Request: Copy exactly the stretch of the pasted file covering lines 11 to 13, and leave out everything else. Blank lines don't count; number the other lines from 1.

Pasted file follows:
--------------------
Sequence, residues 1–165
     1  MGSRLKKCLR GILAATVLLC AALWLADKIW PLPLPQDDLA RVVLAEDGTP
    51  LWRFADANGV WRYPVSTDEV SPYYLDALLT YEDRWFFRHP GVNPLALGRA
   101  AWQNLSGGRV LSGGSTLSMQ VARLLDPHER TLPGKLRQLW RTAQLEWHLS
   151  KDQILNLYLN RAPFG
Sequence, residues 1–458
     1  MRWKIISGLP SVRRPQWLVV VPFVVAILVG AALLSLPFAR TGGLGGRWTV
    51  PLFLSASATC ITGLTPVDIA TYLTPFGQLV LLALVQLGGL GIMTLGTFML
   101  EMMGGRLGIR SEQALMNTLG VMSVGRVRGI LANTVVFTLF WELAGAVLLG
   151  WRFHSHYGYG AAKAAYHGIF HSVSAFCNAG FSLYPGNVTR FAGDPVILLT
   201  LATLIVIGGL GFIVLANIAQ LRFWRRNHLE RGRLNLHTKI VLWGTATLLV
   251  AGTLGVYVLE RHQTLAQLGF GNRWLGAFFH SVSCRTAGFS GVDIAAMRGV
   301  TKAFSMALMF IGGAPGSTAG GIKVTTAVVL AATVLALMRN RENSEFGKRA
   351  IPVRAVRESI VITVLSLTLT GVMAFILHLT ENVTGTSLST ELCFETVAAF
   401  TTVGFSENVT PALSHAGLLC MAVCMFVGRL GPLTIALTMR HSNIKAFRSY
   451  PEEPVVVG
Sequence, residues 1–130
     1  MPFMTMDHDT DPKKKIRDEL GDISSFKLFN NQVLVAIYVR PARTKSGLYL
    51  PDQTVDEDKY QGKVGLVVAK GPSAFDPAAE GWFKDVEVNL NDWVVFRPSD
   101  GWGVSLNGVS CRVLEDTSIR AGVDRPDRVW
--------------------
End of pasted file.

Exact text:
   201  LATLIVIGGL GFIVLANIAQ LRFWRRNHLE RGRLNLHTKI VLWGTATLLV
   251  AGTLGVYVLE RHQTLAQLGF GNRWLGAFFH SVSCRTAGFS GVDIAAMRGV
   301  TKAFSMALMF IGGAPGSTAG GIKVTTAVVL AATVLALMRN RENSEFGKRA